Check out this webpage for a thorough overview of running mixed models in R. I wanted to pull out a few pieces of information from this article that I found useful. (If you aren’t familiar with mixed models, the following may not be too meaningful for you.)
Nested vs. Crossed Random Effects
“Before you proceed, you will also want to think about the structure of your random effects. Are your random effects nested or crossed? In the case of my study, the random effects are nested, because each observer recorded a certain number of trials, and no two observers recorded the same trial, so here Test.ID is nested within Observer. But say I had collected wasps that clustered into five different genetic lineages. The ‘genetics’ random effect would have nothing to do with observer or arena; it would be orthogonal to these other two random effects. Therefore this random effect would be crossed to the others.”
Identifying the Probability Distribution that Fits the Data
The author of the page plotted the data along various types of distributions (e.g., binomial, Poisson, gamma, log-normal).
“The y axis represents the observations and the x axis represents the quantiles modeled by the distribution. The solid red line represents a perfect distribution fit and the dashed red lines are the confidence intervals of the perfect distribution fit. You want to pick the distribution for which the largest number of observations falls between the dashed lines. In this case, that’s the lognormal distribution, in which only one observation falls outside the dashed lines. Now, armed with the knowledge of which probability distribution fits best, I can try fitting a model.”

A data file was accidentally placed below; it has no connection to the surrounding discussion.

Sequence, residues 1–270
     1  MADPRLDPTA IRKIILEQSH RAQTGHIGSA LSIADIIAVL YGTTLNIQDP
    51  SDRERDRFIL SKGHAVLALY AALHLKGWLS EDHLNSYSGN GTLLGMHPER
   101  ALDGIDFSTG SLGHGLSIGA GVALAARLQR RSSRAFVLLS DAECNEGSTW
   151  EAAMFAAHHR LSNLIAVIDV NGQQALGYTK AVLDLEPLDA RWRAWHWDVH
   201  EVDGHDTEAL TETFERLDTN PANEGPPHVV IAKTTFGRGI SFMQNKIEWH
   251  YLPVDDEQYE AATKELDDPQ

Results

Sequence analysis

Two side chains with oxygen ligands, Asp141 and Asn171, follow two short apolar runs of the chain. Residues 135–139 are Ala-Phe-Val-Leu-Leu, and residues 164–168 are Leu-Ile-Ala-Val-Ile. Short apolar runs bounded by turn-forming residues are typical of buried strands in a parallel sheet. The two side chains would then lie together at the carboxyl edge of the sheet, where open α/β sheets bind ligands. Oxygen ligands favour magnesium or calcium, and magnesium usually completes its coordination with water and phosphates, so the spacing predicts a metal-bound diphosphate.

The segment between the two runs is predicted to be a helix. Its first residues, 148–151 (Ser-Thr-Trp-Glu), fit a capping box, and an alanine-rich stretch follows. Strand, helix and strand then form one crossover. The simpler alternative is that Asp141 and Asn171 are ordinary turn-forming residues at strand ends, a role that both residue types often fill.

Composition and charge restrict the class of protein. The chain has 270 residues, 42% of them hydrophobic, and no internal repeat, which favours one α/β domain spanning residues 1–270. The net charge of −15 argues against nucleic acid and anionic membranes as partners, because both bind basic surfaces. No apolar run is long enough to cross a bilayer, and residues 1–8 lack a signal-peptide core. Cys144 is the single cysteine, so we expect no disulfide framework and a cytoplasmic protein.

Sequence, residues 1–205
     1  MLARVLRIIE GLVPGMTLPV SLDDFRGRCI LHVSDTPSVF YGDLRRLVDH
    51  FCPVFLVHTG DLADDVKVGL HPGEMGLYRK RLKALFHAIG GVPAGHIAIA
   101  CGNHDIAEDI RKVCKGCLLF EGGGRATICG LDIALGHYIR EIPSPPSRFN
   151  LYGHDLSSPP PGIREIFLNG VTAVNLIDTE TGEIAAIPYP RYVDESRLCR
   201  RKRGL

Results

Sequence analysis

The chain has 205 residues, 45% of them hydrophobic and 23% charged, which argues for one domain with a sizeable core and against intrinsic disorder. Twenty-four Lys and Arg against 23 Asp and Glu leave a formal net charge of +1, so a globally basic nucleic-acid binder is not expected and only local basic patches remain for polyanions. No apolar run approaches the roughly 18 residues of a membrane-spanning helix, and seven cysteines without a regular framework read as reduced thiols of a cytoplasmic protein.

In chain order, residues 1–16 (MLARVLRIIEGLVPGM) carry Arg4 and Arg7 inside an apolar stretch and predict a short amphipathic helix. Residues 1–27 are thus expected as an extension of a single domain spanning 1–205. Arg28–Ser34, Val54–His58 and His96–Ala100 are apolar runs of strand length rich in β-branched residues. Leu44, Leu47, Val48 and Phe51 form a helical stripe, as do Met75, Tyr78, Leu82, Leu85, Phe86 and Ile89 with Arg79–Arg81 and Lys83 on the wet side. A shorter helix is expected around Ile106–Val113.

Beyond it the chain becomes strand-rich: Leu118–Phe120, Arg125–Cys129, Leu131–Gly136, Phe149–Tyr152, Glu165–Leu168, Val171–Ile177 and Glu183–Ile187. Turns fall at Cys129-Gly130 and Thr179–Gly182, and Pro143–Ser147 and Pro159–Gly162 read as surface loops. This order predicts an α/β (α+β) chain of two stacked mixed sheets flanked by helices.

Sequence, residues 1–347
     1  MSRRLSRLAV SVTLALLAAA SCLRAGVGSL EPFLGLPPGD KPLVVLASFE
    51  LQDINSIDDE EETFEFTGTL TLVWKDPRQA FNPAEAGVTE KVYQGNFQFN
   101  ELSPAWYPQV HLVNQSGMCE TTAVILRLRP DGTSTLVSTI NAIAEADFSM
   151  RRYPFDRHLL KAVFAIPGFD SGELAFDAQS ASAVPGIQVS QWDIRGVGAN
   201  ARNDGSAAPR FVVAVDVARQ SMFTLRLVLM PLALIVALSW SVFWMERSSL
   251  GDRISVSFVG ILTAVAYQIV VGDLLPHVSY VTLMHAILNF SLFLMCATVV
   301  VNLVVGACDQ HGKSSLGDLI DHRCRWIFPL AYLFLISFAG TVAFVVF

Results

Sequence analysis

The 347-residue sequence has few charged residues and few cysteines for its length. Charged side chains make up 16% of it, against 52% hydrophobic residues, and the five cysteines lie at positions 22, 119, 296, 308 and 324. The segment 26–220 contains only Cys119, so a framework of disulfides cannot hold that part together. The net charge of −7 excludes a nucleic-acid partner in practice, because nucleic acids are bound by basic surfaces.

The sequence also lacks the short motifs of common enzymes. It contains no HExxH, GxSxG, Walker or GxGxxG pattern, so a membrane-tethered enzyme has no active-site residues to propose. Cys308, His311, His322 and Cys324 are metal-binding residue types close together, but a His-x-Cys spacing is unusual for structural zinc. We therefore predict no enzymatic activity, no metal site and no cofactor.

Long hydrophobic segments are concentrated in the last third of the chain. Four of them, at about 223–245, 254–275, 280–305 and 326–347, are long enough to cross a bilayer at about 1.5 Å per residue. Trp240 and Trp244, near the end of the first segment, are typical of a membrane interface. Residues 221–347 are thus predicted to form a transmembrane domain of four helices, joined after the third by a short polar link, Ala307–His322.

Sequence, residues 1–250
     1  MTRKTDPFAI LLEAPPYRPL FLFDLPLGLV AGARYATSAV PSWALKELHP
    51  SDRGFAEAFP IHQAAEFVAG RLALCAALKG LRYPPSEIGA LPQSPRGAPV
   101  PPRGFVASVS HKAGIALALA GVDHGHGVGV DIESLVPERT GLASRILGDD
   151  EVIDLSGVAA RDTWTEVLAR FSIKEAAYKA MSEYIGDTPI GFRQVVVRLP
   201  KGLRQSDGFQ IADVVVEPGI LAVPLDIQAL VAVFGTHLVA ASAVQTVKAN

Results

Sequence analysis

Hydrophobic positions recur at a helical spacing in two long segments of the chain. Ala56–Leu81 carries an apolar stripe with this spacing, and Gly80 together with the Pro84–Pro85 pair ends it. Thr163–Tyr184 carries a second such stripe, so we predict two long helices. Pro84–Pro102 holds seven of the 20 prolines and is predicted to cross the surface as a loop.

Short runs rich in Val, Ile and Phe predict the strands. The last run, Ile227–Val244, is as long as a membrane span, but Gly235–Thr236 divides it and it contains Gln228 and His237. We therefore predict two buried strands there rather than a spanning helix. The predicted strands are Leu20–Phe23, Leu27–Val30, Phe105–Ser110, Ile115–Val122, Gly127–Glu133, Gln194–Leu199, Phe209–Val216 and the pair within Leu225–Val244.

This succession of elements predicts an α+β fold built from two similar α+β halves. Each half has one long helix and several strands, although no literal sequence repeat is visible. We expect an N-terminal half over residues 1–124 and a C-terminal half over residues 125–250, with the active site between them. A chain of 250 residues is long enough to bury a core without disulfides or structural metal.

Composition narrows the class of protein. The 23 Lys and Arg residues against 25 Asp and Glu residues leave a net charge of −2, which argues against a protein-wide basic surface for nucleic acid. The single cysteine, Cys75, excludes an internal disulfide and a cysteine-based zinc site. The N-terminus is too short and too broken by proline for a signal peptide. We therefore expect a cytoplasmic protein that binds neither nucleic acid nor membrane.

Failure to Converge
I often encountered the error “failure to converge” when running mixed models. This article describes what now seems like an obvious way to deal with the failure to converge – systematically drop effects from the model and compare the performance. I am appreciative of how much I’ve learned and grown in my statistics knowledge because of my exposure to data science over the last year and a half.
“There is one complication you might face when fitting a linear mixed model. R may throw you a “failure to converge” error, which usually is phrased “iteration limit reached without convergence.” That means your model has too many factors and not a big enough sample size, and cannot be fit. Unfortunately, I don’t have any data that actually fail to converge on a model that I can show you, but let’s pretend that last model didn’t converge. What you should then do is drop fixed effects and random effects from the model and compare to see which fits the best. Drop fixed effects and random effects one at a time. Hold the fixed effects constant and drop random effects one at a time and find what works best. Then hold random effects constant and drop fixed effects one at a time. Here I have only one random effect, but I’ll show you by example with fixed effects.”
This article goes through more of the “math” of mixed models. I’m putting it here for now so I can look through it in more detail later.